Even if you assume the far half of the earth doesn’t exist because the “1 over r-squared” term makes it less important and use a radius of 2000 miles rather than 4000, that still puts the earth’s gravitational attraction on the ISS equal to about 80% of that on the surface of the earth.
LOL I’ll take your word for it. I love the science but really suck at the math.
Let's try math, instead of handwaving. We wish to determine the acceleration due to gravity acting upon an object as a function of its proximity to some other object. The two objects are (let us say) a hammer, and the moon. The each have mass Mh and Mm. According to Newton, a force acting on a mass M causes acceleration.
The gravitational force between two massive objects can be computed
Fg = G*(M1*M2)/ R2
where "R" is the distance between them. So, the gravitational acceleration of a hammer falling on the moon may be calculated:
Fg = G*(Mm*Mh)/ R2 = Mh*a
Note that Mh cancels out of this equation. Acceleration of an object (a hammer) due to the gravitational attraction of another object (the moon) is not a function of the first object's (the hammer) mass.
I knew what the equations were, but lacked the ambition to actually “typeset” them in HTML.
“Typesetting” them is the only way I know of to make them readable. My knowledge of HTML is really quite limited.
I guess < sub > and < super > handles most of it.
That, and ambition.
Really, so Jupiter and Earth have the same pull on the sun in your world.
You only did half of the equation.
If gravity is as you say, why do object accelerate faster in a fall on Earth than they do on the moon.
As in your example, the Earth and the Moon are just groupings of individual atoms right?
Again, you are only doing half of the equation.
Indeed, it is impossible to find zero gravity anywhere matter exists, but it is possible to find points and conditions of balanced gravity, which have the same obervable result.
Lately I’ve been wondering about the concept of true motionlessness. I wonder if its even possible in expanding space where all things are moving at incredible speeds.
Objects accelerate faster in a fall on Earth than they do on the Moon because Earth is bigger than the Moon. Work the equations for yourself. Substitute the mass of Earth, Jupiter, another hammer, whatever you like. You can solve for the acceleration towards any of these.
Gravitational acceleration towards any object X is a function of the mass of that object and the distance from that object, as I showed upthread.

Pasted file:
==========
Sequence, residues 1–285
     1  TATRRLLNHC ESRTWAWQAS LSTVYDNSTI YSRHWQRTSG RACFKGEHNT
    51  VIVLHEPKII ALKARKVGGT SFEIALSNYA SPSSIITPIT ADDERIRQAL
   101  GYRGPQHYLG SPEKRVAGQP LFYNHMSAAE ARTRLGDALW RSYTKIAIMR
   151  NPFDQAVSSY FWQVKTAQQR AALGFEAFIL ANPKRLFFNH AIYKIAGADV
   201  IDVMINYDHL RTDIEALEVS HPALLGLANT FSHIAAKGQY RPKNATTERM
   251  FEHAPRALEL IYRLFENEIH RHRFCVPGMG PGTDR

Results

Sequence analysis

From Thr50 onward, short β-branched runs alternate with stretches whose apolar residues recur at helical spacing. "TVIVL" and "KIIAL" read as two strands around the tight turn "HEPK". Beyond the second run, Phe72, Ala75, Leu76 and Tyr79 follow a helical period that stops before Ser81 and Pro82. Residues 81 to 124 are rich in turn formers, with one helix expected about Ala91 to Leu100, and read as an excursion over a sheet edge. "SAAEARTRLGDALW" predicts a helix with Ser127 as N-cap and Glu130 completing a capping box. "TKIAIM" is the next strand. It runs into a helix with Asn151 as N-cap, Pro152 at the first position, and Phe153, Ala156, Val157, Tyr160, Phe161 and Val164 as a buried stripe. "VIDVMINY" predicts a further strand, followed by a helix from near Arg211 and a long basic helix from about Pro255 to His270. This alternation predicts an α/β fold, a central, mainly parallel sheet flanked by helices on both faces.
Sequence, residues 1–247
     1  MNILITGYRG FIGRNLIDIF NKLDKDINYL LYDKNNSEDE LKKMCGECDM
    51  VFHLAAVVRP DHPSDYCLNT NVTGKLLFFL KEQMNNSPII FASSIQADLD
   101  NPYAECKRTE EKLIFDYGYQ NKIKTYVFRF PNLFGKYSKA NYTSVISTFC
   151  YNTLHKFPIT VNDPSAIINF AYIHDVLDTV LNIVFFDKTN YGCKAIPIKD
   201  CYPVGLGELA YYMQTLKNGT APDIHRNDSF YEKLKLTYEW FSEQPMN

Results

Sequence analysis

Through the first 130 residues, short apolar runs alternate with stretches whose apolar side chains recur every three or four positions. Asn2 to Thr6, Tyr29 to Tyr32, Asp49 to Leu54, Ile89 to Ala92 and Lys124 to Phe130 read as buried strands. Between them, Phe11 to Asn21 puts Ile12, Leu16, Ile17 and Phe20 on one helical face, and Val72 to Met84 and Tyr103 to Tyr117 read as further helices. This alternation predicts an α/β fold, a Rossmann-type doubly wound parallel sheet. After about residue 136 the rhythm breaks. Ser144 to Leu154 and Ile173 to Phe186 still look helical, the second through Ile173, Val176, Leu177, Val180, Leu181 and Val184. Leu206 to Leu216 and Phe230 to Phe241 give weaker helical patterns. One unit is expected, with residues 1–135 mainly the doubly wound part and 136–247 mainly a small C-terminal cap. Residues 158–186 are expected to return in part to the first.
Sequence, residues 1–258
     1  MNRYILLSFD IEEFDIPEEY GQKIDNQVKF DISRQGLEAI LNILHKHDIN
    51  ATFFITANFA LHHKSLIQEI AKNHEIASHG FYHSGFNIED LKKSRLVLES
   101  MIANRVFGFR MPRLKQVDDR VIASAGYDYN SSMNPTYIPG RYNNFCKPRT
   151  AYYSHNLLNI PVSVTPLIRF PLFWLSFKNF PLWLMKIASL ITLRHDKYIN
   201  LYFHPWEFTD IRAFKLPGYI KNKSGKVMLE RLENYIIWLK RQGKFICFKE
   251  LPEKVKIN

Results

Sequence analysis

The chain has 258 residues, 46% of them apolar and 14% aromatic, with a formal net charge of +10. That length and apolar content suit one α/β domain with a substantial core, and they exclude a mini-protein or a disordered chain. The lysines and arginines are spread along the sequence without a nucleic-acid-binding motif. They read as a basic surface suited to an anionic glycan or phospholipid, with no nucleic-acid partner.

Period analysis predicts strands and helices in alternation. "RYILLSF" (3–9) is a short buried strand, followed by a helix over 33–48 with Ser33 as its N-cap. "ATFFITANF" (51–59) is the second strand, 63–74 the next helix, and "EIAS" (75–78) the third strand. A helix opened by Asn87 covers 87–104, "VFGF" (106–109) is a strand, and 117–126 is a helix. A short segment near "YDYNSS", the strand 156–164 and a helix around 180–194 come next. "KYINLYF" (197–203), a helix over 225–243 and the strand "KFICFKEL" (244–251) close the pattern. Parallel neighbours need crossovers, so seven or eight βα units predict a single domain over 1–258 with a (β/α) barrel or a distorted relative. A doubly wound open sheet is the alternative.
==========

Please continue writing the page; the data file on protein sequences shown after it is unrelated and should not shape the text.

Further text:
Don't wave your hands, do the math.
Do two magnets with their N S poles facing each other create a greater attractive force than a single magnet? If the force is greater doesn't that equate to greater acceleration?
If a hammer were orbiting the Earth, it would not measurably effect the tides, but the moon does. Hmmm. Why is that? Because the large object exerts greater force. Hmmm. Going back into your acceleration formulas.
As I said, you forgot that the equation has to be made for both objects, not just one, and then the result combined.
Math is great, but garbage = garbage out. Acceleration of gravity formulas must use the mass of both objects. With small objects we don't do this because it doesn't matter (measurably), but with large objects we absolutely combine the masses.
The attraction between the Earth and Moon is determined using the combined mass of both, not the mass of the Earth. This is easily understood if you think of what would happen if you pushed the Earth and Moon into one ball. That ball would have a greater gravitational attraction than the Earth right? Sure, so the same applies before they are combined.
All measurements of movement are relative to an arbitrarily chosen position.
What you are clearly doing is treating one of the masses as a parent mass, and ignoring the other.
According to your equation, if we swapped the moon and hammer as M1 and M2, the gravitational force would immediately drop off to near nothing.
Indeed, do the math.
It's like taking two identical rubber bands and stretching one to twice its unstretched length. That will produce a certain amount of tension. If you then stretch both that same amount, you'll get twice the force.
Same thing for inter-atomic attractions.
Hey, why is it always just pretty girls? Of course, at my age, I’d just as soon have pictures of pretty dogs. :)
Another big lie! Biden doesn’t have a brain....
Oh my goodness. I think I’m better at handwaving! :)
If you go back and read what AB posted, he said exactly that:
The gravitational force between two massive objects can be computedThat's the force BETWEEN any two objects - that same force acts equally on each of the two objects.
Fg = G*(M1*M2)/ R2
The gravitational force would be unchanged.
Have you never heard of the "Commutative property of multiplication"?
Let me introduce you to it: "Two numbers can be multiplied in either order."
This means that a room that is 10' x 15' has the same floor area as a room that is 15' x 10'.